Generous rebates and improved dealer inventories lured customers into GM showrooms after two parts plant strikes in July and August choked off the supply of the No. 1 automaker's North American-made cars and light trucks.
Figures released Monday show GM's sales were down 3 percent last month compared with September 1997. But that was a significant improvement over GM's double-digit declines the previous two months.
"They're determined to buy back market share," said analyst Maryann Keller of ING Baring Furman Selz LLC. "The incentives are very generous. GM was out there with some of the biggest and best deals, so I'm not surprised to see them recover from where they were."
Sales of GM's light trucks were down nearly 2 percent while car sales declined 3 percent. GM noted that the comparisons were to a strong performance in September 1997.
"I feel pretty good about our recovery," said Roy S. Roberts, vice president and general manager of sales, service and parts. "We're moving in the right direction."
Sales were strong industry-wide as buyers took advantage of deals on leftover '98 models and automakers continued to expand rebates and other discounts, even on some '99s.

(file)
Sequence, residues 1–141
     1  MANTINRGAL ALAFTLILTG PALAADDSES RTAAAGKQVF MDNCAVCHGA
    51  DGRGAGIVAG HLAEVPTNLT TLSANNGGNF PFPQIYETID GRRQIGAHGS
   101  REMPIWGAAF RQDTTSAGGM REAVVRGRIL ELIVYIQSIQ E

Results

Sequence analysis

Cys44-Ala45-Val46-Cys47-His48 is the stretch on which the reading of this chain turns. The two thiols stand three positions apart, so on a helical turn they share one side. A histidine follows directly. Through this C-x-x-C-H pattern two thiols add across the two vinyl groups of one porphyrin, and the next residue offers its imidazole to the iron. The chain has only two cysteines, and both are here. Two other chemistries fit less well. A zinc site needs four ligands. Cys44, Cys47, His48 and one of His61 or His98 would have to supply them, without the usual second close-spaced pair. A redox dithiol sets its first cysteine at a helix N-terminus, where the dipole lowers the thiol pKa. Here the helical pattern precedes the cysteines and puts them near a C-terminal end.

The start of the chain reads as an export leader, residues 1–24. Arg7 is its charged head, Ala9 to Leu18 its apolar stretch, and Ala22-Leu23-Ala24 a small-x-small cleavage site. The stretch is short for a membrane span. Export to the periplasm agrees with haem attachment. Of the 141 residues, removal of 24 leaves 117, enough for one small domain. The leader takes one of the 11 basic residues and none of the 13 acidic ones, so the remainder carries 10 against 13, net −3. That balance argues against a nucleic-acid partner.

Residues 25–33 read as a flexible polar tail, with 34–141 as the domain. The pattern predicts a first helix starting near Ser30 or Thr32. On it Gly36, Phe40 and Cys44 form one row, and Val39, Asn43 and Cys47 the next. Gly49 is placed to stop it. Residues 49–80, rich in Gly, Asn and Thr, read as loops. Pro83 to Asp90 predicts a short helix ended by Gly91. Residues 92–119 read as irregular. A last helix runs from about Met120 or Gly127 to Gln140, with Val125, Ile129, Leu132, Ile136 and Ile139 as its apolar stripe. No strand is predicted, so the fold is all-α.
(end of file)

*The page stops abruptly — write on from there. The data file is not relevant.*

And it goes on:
Analyst David Healy of Burnham Securities Inc. said the stock market's gyrations and global economic worries don't seem to be affecting the demand for vehicles.
"These are surprisingly strong sales," Healy said. "The stock market isn't as important on Main Street as it is on Wall Street, as far as car sales are concerned."
Ford's sales increased 5 percent as it posted a fifth consecutive monthly record for light truck sales at 195,875 units, up 11 percent. Ford's car sales declined 3 percent.
Ford sales chief Robert Rewey was optimistic that domestic sales would remain strong.
"The fundamentals that drive auto demand income growth along with low interest and unemployment rates remain favorable and consumer confidence is still good," Rewey said.
GM also expects its sales to continue increasing in the fourth quarter, in part because its redesigned full-size pickups are just arriving at dealers as a national advertising campaign kicks into gear. The big Chevrolet and GMC pickup is GM's top-selling vehicle.
- European automakers once again posted the biggest improvement, up 14 percent. It was the 12th consecutive month that the Europeans have enjoyed doubled-digit gains on the popularity of a wide array of new models.
- German automakers Audi and Volkswagen had the best numbers. Audi's sales were up 79 percent while Volkswagen's new Beetle and Passat helped boost its sales 63 percent. It was the best September for both in more than a dcade.
- Asian automakers also had a strong September, up 12 percent, while the domestic Big Three were up 4 percent. Toyota led among the Asians, up 43 percent.
- Chrysler Corp. reported last week that its sales increased 18 percent in September, compared with its weak showing a year ago.
Written By BRIAN S. AKRE